Vegan Logo: Financial
To use the British Vegan Society logo in English, all companies must pay a commission to the British Vegan Society. Depending on the size of their business, those companies must pay from £75 to £4,550 per year (¥11,500 to ¥700,500).
If a local Vegan Society promotes the British Vegan Society logo, they must pay the British Vegan Society logo 65% of the all commissions from their country back to the British Vegan Society. They can receive 35% of the commission any company pays.
It is said that the British Vegan Society does not intend to profit from the use of trademark but use the commissions gained to support the costs of registration.
At present there are over 300 trademark license holders and an income of £73,998 (¥11,400,00) was registered in 2008, against claimed costs of £43,000 (¥6,600,000). The British Vegan Society employs a specialist trademark assistant in addition to the business development chief, Colm McBriarty.
As veganism increases in popularity, the British Vegan Society seeks to increase its income from its trademarks.
Distribution of Financial Interests
Although the British Vegan Society seeks to earn income internationally, there are no formal structures for the economic distribution of that income internationally. Further more, there is no apparently international development strategy to support new Vegan Societies to start up or spread the Vegan Movement.
As the majority of manufacturing in the world is outside of the United Kingdom, for example, in India and China where the British Vegan Society has recently expanded its interests, it would appear that financial resources are being taken from overseas and back to the United Kingdom.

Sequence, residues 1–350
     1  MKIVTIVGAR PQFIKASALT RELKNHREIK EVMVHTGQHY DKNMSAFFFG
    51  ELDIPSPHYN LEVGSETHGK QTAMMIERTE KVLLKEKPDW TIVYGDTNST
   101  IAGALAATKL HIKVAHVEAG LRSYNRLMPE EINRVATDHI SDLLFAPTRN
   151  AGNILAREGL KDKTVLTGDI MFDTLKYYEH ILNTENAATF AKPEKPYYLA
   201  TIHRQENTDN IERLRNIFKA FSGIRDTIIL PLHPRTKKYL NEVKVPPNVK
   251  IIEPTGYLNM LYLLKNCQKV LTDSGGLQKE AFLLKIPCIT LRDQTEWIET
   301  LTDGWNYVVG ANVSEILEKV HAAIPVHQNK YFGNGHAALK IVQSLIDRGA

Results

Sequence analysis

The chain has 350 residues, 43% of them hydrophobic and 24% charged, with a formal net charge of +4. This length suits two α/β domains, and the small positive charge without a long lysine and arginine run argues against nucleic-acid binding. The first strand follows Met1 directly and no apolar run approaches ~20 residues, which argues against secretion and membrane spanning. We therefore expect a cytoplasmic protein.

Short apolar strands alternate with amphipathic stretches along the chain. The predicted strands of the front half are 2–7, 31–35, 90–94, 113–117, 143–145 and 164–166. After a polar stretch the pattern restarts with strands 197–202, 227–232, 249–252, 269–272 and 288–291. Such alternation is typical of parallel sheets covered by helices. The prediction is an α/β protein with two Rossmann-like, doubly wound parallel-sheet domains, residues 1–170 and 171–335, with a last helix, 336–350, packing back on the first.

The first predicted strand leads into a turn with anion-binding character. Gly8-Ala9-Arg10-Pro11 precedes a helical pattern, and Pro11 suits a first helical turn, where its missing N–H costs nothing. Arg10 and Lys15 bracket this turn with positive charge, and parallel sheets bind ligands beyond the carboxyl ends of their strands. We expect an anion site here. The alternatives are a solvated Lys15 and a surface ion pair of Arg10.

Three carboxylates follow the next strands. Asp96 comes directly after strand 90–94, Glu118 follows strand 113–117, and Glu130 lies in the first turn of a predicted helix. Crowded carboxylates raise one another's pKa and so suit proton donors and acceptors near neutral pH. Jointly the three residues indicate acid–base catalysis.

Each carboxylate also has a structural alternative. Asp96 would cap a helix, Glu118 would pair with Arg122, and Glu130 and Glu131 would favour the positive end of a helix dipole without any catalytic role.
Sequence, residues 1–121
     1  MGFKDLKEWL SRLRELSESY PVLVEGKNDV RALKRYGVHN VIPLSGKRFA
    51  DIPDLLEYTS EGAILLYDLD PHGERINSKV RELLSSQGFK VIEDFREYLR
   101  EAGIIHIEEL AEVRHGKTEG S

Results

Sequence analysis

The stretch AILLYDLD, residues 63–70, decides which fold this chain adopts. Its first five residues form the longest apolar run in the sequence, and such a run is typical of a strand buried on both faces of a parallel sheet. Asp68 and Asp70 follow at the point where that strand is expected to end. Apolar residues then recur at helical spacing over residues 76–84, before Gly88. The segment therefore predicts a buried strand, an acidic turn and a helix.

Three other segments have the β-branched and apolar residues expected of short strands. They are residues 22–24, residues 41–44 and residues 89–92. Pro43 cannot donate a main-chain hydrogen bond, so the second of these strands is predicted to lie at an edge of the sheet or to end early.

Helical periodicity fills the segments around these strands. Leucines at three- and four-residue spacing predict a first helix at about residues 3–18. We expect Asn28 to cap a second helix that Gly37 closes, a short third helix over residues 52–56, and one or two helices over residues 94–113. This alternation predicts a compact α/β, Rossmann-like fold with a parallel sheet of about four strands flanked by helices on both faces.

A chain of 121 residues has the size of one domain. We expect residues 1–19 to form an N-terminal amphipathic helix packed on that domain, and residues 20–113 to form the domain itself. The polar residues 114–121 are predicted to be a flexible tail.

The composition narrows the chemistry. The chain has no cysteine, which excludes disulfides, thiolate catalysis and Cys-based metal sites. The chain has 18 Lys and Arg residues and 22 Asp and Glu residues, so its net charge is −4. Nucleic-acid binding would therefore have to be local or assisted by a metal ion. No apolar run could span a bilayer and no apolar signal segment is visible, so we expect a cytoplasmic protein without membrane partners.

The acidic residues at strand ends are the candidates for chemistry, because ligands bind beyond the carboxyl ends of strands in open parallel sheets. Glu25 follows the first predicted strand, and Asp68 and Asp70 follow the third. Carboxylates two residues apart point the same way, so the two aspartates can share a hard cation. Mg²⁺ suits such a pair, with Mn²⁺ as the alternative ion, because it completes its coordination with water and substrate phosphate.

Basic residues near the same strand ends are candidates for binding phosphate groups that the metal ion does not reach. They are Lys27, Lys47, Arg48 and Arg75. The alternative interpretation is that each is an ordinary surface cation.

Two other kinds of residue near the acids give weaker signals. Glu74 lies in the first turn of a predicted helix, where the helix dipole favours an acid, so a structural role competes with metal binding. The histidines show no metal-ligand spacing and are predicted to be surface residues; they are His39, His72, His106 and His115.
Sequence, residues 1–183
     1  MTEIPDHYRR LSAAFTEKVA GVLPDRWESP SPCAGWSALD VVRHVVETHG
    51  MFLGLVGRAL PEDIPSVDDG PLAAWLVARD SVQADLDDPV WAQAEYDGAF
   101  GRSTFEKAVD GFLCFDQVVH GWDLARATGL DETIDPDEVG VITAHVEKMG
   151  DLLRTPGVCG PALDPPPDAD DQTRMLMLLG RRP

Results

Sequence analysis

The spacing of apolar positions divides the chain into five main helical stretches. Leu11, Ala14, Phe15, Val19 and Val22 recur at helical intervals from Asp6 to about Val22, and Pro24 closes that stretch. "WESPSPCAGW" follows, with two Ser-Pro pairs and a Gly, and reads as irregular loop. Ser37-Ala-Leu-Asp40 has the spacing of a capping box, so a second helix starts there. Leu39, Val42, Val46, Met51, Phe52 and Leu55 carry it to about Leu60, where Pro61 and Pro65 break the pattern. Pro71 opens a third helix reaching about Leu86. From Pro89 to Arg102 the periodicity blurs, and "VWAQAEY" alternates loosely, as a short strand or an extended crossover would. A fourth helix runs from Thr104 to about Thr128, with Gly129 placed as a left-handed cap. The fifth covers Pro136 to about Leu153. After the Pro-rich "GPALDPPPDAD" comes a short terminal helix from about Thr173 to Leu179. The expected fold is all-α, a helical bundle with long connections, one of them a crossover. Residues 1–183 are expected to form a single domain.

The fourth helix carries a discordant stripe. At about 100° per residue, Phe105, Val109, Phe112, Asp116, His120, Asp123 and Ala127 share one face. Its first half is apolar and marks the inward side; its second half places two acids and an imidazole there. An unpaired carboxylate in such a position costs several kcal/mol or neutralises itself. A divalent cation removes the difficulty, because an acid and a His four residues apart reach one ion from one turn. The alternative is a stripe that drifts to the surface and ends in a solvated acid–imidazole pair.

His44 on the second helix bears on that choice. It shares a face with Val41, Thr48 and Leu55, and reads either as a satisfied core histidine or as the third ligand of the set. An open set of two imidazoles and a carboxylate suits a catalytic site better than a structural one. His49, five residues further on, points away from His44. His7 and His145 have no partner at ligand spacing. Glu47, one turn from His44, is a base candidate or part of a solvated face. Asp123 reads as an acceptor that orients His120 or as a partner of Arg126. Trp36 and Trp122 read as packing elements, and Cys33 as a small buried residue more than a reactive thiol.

Whereas the British Vegan Society has supported development work, e.g. in India, it is not clear on what basis such work is decided and carried out.
- If ‘national needs’ are.
If ‘market importances’ of other nations are.
If the ‘economic effectiveness’ of use of the very limited vegan promotional budget, e.g. a Pound in the UK buys a lot less promotional value than a Pound in a Developing Nations.
In the case of the ‘economic effectiveness’ of the very limited vegan promotional budget,
- Does the UK Vegan Movement require more money spent on it, and for what reward?
Does the British Vegan Society – which is already the largest in the world – require more funding, or would those same resources (budget and staff) not reap greater benefits to humanity and the environment if distributed overseas?
To put it bluntly, are we ‘saving’ animals and the environment, or the British Vegan Society? Should any future funds reaped from overseas nations not at least be ring fenced for use in those nations? Is The Vegan Society nationalist movement, or an internationalist movement?